‘Did you feel like you were destined to become someone important? Did you feel you were a very special or extraordinary person?’ These are two questions from a list on the Psychosenet website. This list allows you to test to what extent you have been suffering from psychotic symptoms in the past week. You can choose between four answers: never, sometimes, often and almost always. ‘Don’t think too long about an answer, the first response is usually the best’ – tops the list. In the context of such a questionnaire, questions about being important or extraordinary have a signaling function in the first place and play the same role as questions about hearing voices, about conspiracies or telepathy. But actually, they are also – you only have to rephrase them a little bit in order to see it – central questions in any sense of self-awareness. Yes, they are among the questions that people constantly ask themselves in countless situations, or whose secret guiding power can be constantly felt. What do I have in common with other people and what is special about me? How am I doing? Or just – am I in? Do I count? Am I really someone?
Let me, in a slightly different atmosphere, ask a question related to the ones of this psychosis test. ‘Did you ever think that you were a genius while you were an adolescent?’ Again, there are four possible answers: 1) no, it never occurred to me, 2) yes, occasionally I thought I was, 3) I have often thought it, but now I think I have outgrown this stage and 4) I have believed it quite often and there still are moments I think I am. Don’t answer this question too hastily, just sit back and relax. Try to be as honest as possible. If you have written diaries in your adolescence and if they are within reach, take the time to consult them and to put yourself back into that phase of life. If you happen to be an adolescent while reading this, don’t be ashamed of anything and just throw it out… Which of these answers makes you think of psychopathological problems? Which answer is ‘normal’ and which answer has something strange?
The answer I would choose now, I think, is number 3. Yes indeed, at times I thought I was a genius. I got high grades at school, and yes, I dreamt of doing something great in science or literature some day. Maybe one day I would make a big discovery… Maybe one day a would become a Nobel Laureate, who knows? Only, I just wasn’t sure about the discipline. Because I got grade B for languages and grade A for math and the exact sciences, I thought it would probably be the Nobel Prize in physics. In my boy’s room I worked ahead in the math and physics textbooks, and Albert Einstein became my main role model. Sometimes a teacher already explained a few things about the theory of relativity, about a wonderful world with time and space not being absolute anymore, a world with four instead of the three dimensions we usually think in. It really did something to me. But was I already a psycho in the making? Was there something pathological in the way I thought about Einstein? Did I seriously compare myself to Einstein, and did I think I was as intelligent as he was? Was it an early half-sick presumption in my mind, something that would develop into a genuine psychosis at a later stage?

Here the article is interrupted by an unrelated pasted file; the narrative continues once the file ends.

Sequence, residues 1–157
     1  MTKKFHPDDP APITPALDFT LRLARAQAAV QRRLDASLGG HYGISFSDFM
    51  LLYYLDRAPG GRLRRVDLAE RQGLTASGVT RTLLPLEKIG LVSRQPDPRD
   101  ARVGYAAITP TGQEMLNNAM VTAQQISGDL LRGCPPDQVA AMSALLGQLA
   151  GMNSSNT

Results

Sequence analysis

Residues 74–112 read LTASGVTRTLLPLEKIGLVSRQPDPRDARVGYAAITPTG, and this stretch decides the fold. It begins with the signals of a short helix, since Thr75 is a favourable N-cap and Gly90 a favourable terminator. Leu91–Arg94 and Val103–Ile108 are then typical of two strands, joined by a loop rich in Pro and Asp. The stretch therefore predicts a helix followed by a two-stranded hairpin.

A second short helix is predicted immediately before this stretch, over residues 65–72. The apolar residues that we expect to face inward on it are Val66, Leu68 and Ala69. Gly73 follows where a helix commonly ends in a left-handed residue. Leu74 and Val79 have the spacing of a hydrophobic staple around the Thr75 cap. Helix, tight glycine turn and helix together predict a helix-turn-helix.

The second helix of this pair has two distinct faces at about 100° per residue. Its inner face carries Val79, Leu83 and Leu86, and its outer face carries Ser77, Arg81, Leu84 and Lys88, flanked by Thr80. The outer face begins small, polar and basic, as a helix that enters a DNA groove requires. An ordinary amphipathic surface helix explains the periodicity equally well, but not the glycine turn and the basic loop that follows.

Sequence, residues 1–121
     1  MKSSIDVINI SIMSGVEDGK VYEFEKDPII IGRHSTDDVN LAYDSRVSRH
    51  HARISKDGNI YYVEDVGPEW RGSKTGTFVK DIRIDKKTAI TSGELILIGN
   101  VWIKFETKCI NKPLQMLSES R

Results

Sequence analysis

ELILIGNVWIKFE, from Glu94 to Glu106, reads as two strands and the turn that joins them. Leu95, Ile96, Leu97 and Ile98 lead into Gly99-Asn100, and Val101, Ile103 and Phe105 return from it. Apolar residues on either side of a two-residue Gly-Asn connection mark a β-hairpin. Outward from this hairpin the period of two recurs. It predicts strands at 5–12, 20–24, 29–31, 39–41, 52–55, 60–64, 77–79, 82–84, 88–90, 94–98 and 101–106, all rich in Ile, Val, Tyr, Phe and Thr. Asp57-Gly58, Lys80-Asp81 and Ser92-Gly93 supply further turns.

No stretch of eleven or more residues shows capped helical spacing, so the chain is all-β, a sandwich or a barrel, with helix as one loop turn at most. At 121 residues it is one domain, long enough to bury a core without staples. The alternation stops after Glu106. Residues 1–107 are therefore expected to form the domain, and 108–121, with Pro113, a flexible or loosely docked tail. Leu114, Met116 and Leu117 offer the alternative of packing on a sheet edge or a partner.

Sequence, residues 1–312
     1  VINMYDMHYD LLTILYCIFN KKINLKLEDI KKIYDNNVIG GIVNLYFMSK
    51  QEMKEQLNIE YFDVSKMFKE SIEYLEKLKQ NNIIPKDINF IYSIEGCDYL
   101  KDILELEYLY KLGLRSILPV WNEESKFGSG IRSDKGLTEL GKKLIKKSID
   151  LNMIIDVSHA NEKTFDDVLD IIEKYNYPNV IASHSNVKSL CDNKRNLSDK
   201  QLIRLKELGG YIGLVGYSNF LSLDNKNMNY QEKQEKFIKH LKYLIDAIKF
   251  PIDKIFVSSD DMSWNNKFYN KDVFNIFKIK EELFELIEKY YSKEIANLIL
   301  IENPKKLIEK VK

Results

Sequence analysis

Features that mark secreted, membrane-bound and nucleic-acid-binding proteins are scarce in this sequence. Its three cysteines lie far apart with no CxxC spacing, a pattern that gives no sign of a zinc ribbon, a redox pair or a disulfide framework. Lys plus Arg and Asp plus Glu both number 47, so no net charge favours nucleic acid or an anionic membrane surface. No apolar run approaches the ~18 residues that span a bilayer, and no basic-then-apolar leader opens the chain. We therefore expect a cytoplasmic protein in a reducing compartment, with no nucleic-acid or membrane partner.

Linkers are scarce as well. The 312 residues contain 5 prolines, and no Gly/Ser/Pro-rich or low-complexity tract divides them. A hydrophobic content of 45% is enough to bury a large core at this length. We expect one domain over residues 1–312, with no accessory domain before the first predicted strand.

What do I have in common with Einstein and in what sense do I differ from him? And then, how intelligent is Einstein himself really? How do you rate the intelligence of other people? You don’t often hear people talking about others whom they deem smarter than themselves. When I was employed in ICT later on, I several times met people I figured to be more intelligent than me. Occasionally, while reading books, I had the impression I was dealing with a mind really greater than my own, as I did with Johann Wolfgang von Goethe or with Jean-Paul Sartre. But while reading Einstein’s biography later on, after my psychosis, I never got the idea that Einstein was a man with an excessively high IQ. In fact, he reminded me of other cultural celebrities who rely, not so much on their intelligence, but on a high creative imagination, such as Vincent van Gogh, Fyodor Dostoevsky or Gustav Mahler.
Yes, what did I have in common with Albert Einstein? Reading about his life, one of the impressions I regularly got, was that he was ‘too good for this world’ – something people also would say about me. He had a certain naivety. And a silly sense of humor. He also was a bit slow. These are all nice things to boast as a recognized genius, but in the ordinary toiling as an IT professional in business, these are certainly no good qualities and even things you’ll have ‘to work on’ in your ‘personal development plan’. If there’s one quality I can measure up to Einstein, it’s his absent-mindedness. Always mulling over some philosophical riddle, and then suddenly losing your keys…